Tuesday, 10 June 2014

Pachypasa otus

They are huge, they are ugly, they are Pachypasa otus, the largest of the European Lasiocampidae. The female can reach a wingspan up to 12 cm. The males are smaller to around 9 cm. Of course, the caterpillars are correspondingly big. And very well camouflaged. Each picture you see is the only sharp one out of a series of about 200. Even the camera had difficulties to determine on what to focus. Breeding of this species comes with a lot of patience. Eggs hatch early October. The entire winter the larvae continue to eat without hibernating, but with almost no growth. They need to be kept cool, but frost free. Ideal temperature is around 10°C. Somewhere in March they can be brought at room temperature. From that moment on it still takes 3 to 4 months before they spin their cocoons. All this time the caterpillars need to be kept in arid conditions. This is a species of dry and hot pine forests in Southeast Europe and the Middle East. Wet conditions will kill all animals. For that reason they cannot be kept in plastic tubs.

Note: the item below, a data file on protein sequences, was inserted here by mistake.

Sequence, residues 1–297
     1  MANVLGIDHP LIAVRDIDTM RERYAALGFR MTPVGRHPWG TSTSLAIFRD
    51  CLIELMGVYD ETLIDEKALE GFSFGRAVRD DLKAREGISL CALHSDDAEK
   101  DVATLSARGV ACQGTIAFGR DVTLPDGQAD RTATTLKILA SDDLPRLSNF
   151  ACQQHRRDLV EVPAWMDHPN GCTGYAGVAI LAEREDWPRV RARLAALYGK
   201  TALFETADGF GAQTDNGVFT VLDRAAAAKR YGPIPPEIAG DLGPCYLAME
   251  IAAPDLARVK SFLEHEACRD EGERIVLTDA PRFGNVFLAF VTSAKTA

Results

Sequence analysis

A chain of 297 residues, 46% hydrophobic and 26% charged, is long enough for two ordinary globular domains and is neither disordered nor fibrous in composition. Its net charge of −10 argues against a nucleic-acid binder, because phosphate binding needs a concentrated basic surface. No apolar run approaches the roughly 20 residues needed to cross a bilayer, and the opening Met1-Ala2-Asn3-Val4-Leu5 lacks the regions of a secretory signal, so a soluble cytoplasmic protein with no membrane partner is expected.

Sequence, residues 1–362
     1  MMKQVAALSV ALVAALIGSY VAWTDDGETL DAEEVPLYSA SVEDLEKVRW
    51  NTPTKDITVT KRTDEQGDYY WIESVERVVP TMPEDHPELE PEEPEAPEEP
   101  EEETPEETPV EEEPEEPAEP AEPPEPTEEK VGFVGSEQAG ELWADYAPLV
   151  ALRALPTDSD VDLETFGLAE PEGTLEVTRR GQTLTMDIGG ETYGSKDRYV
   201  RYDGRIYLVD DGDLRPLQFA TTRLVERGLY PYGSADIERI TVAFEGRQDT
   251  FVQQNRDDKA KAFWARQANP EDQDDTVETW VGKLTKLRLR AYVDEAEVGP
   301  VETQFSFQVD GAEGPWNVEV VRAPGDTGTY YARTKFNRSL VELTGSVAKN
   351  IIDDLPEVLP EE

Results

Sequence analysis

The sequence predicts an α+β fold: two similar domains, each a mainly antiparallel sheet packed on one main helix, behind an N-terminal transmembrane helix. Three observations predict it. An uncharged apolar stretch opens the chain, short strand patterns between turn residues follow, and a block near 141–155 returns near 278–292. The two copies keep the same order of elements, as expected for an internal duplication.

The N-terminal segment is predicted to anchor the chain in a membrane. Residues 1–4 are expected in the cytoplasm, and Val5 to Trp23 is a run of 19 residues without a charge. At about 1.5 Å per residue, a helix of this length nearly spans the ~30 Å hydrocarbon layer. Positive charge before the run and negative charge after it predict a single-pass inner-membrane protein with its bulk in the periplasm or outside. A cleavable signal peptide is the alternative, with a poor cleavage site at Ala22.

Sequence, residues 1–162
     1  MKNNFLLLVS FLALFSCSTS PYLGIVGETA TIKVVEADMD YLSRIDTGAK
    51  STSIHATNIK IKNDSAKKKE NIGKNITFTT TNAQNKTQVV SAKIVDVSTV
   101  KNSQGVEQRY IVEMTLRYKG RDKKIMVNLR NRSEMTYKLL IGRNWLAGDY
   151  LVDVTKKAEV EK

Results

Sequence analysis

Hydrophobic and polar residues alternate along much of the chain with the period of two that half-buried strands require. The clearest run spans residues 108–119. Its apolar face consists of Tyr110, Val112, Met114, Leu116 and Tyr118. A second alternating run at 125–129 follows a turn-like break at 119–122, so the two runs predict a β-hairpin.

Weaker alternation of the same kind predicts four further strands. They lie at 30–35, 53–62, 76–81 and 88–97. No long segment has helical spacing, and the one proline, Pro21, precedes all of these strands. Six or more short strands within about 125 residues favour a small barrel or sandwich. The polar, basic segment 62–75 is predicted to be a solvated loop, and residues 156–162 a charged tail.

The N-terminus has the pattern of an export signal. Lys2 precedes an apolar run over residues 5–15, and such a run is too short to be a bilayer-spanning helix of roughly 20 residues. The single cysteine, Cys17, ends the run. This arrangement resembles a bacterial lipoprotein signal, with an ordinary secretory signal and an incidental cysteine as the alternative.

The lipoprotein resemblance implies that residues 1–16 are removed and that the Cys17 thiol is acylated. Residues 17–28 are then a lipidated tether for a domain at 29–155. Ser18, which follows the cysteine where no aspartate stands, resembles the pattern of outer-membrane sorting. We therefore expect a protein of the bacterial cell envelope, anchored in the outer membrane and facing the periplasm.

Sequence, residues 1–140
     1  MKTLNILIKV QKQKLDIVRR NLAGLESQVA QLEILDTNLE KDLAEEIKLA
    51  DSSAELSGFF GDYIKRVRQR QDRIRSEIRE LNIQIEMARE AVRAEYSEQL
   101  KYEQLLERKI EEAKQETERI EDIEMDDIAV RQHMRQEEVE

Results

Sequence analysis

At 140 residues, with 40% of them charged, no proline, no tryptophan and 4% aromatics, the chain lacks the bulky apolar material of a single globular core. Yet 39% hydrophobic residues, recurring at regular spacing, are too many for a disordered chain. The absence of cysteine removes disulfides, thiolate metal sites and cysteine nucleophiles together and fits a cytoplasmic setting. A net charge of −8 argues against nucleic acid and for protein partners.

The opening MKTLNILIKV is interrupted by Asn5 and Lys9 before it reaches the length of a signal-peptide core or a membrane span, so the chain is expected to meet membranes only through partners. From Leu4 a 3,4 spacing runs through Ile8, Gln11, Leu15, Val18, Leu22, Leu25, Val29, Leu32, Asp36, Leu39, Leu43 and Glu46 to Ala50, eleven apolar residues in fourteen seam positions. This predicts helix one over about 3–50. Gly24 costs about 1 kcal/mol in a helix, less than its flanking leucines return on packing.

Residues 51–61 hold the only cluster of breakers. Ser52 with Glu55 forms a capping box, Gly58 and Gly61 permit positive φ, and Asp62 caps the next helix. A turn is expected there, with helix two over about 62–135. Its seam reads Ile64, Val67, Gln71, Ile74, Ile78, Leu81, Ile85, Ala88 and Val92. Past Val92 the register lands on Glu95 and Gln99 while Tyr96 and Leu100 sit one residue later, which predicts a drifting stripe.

Pachypasa otus caterpillar
Pachypasa otus final instar on Pinus

Pachypasa otus L8 caterpillar
Pachypasa otus L8 on Pinus

Pachypasa otus L5 caterpillar
Pachypasa otus L5 on Pinus

Pachypasa otus L5 caterpillar
Pachypasa otus L5 on Pinus

Automeris naranja

Apparently the spring generation develops much faster then the summer generation. Last year the caterpillars took more then two months to grow. This time it was only a month. Or may be it was because I used Prunus serotina instead of Crataegus. In general the black cherry worked much better then the hawthorn, with almost no mortality.